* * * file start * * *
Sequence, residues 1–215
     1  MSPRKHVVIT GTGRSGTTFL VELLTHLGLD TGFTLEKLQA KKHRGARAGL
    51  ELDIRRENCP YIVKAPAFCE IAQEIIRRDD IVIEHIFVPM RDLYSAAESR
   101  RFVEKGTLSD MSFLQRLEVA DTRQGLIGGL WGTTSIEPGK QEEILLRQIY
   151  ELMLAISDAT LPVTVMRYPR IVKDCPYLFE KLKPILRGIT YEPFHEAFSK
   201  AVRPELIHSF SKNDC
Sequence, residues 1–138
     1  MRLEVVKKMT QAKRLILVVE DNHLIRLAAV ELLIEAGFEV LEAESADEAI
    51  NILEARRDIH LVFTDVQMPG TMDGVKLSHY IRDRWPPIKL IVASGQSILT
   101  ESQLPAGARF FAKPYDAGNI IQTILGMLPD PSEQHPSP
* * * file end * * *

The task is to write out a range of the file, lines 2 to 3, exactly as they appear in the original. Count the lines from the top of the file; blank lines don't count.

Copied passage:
     1  MSPRKHVVIT GTGRSGTTFL VELLTHLGLD TGFTLEKLQA KKHRGARAGL
    51  ELDIRRENCP YIVKAPAFCE IAQEIIRRDD IVIEHIFVPM RDLYSAAESR